Being Cool is for Losers
I live in New York, where lower rungs of upwardly-mobile intellectuals enjoy flouting the Coolest Hipster Taste. Endless young people participate in an endless competition with endless levels and subcommunities: who listens to the most eclectic variety of unknown music? Who’s got the most obscure band shirt? Who wears the most ridiculous pastiche of long-gone fashion trends? Who can quote the weirdest and most nonsensical French critical theorist? And, seemingly most importantly: how effortless and careless can you make it look, despite the whole affect being remarkably time consuming and projected?
“Basic” has become a term for people who don’t get trends or who don’t care. It thus empowers a certain type of person to engage in materialistic behaviors under the guise of being progressive, edgy, or interesting. I’ve found myself drawn to the nuances of taste since I moved to New York. I wanted to know what all the fuss was about— and believe me, there’s a lot of fuss. Like multi-billion dollar market degrees of fuss. It takes years to work through it all. But this brand of fuss exists in every major metropolitan area, and, thanks to the internet, in the home of anyone who chooses to take interest in it.
Thanks in part to my natural Zen-influenced aversion to all things Cool or Popular and also to having a girlfriend who somehow knows (and can adequately criticize) every cool micro-trend in history, I’ve learned how to stop giving a shit about posturing. It’s removed more anxiety from my life than any other habit change besides quitting smoking.
I don’t care about my haircut (last year I buzzed my head and it’s remained that way since). I don’t care about my shoes. Even though sometimes I try to, I always end up with the same pair of ratty black Converse. I no longer judge my sense of authenticity by my taste in movies, music, art or books, despite having spent enough time working my way through enough Hipster-Respected movements and books to be fluent in them.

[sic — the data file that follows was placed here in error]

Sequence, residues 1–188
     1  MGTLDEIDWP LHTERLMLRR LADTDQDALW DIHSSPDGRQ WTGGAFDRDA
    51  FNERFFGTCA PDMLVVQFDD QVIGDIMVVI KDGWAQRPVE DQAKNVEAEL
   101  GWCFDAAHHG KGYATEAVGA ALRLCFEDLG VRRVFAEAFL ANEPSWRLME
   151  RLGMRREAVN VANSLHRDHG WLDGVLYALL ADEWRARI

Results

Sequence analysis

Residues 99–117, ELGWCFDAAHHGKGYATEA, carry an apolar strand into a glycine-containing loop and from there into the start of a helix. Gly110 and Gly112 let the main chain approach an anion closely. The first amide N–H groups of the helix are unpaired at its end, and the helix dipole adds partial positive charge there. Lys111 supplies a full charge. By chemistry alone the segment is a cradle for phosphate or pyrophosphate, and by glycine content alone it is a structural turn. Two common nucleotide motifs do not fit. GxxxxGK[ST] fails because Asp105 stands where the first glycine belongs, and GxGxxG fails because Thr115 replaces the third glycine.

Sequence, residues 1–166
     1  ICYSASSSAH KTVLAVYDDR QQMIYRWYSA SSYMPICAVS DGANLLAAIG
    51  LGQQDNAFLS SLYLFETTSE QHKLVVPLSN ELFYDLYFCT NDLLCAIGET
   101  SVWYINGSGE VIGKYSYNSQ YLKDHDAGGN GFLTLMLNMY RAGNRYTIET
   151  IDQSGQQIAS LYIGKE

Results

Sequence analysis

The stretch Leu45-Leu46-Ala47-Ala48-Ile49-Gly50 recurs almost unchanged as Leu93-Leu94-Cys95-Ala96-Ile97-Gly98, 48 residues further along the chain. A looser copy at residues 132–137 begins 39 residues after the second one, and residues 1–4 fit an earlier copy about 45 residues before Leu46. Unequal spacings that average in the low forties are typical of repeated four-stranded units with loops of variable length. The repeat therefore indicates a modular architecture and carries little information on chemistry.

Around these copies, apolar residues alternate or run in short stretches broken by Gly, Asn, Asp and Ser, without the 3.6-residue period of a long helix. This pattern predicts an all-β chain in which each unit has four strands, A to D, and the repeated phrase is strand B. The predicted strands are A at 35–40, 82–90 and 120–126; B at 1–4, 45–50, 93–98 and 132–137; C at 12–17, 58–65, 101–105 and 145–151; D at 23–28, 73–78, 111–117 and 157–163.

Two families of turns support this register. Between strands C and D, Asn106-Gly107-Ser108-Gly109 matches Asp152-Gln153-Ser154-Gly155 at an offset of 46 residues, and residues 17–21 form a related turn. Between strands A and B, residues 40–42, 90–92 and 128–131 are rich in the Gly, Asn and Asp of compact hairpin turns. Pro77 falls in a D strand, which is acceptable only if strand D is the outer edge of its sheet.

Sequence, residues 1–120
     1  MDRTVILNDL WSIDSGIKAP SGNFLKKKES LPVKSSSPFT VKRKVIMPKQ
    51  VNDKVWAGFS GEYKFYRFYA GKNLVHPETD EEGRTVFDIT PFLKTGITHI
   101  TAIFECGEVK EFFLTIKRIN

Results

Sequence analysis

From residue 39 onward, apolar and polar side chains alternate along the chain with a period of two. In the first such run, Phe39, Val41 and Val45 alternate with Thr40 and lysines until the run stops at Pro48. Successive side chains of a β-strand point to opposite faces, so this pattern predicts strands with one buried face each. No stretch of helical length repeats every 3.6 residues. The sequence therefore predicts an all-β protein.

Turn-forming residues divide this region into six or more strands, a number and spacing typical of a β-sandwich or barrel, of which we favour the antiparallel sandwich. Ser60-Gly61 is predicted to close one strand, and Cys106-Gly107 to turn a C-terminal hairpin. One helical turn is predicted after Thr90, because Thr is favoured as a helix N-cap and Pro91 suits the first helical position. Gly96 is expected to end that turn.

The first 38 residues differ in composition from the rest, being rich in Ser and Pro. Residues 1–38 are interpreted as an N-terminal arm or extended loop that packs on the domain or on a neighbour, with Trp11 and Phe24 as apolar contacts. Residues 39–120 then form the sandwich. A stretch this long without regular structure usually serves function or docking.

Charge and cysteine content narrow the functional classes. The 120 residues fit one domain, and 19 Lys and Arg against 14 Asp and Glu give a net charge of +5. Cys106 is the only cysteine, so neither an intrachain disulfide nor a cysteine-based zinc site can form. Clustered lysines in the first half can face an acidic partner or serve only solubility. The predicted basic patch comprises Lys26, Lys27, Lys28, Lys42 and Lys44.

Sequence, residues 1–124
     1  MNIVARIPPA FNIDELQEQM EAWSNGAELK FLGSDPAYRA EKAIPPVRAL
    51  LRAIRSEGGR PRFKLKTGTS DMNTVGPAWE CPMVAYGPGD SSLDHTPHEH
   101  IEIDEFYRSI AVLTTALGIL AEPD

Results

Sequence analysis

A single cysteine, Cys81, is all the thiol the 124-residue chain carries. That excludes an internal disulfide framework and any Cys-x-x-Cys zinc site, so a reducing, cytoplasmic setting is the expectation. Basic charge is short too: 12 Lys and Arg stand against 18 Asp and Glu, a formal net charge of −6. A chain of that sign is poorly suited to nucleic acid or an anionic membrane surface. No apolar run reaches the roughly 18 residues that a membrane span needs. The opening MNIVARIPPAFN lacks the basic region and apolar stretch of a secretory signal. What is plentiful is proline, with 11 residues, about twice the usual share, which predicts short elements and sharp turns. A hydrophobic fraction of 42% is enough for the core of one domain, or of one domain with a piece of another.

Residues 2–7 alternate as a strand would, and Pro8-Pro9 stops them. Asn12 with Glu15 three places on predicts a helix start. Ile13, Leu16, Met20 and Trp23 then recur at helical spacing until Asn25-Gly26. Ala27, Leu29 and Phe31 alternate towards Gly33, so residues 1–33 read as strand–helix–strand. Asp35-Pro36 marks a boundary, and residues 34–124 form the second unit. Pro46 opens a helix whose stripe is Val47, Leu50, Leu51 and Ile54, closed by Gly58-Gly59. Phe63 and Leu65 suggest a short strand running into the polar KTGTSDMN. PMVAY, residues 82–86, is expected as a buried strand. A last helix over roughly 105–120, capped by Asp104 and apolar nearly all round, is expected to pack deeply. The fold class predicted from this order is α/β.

In working through things and constantly trying to remind myself that my identity does not exist within the cultural realm, I’ve found a sense of personal peace. It’s important to be hygienic and respectable. It’s important to know about stuff and to be able to talk about it, since this helps us develop a personal wisdom about culture and the world at large. But we get into trouble as soon as we start identifying ourselves with the stuff we like. I’ve bought countless band shirts throughout the years but have been unable to wear them ever since my favorite literature teacher in High School called me only by the name Bad Brains every time I wore my Bad Brains shirt to class. I had an epiphany: I’m a walking advertisement, even if it is for something cool.
We’ve been conned by both culture industries— the popular stuff and the niche obscura. There’s no point. Like whatever you like. Don’t walk around advertising other peoples’ brands, bands and whatever else. Don’t center all of your conversations around comparing and contrasting stuff or participate in the pissing contest of cultural relevance. It’s a a pettiness that’s just as bad as only talking about the stock market or sports cars, an alternative materialism that’s been brilliantly peddled to young people who want to rebel.
You are not the stuff you buy or like. Instead of worrying about taste, enjoy what you enjoy. I mostly listen to Basic music instead of the pretentious niché stuff I am also fluent in. I don’t wear band shirts anymore. I probably look basic as hell to anyone who sees me on the street. And, thank God, I don’t care anymore — I don’t want to be evaluated based on a thin layer of fabrics and cultural references.
Everyone who cares about being cool could find some value in taking time they spend trying to be cool and redirect it to actually making stuff. Reverse the mode of production. Make music and art, write, start a business, do whatever. Don’t worry about an audience, that comes later. Enjoy whatever you enjoy and make the stuff you wish existed in the world.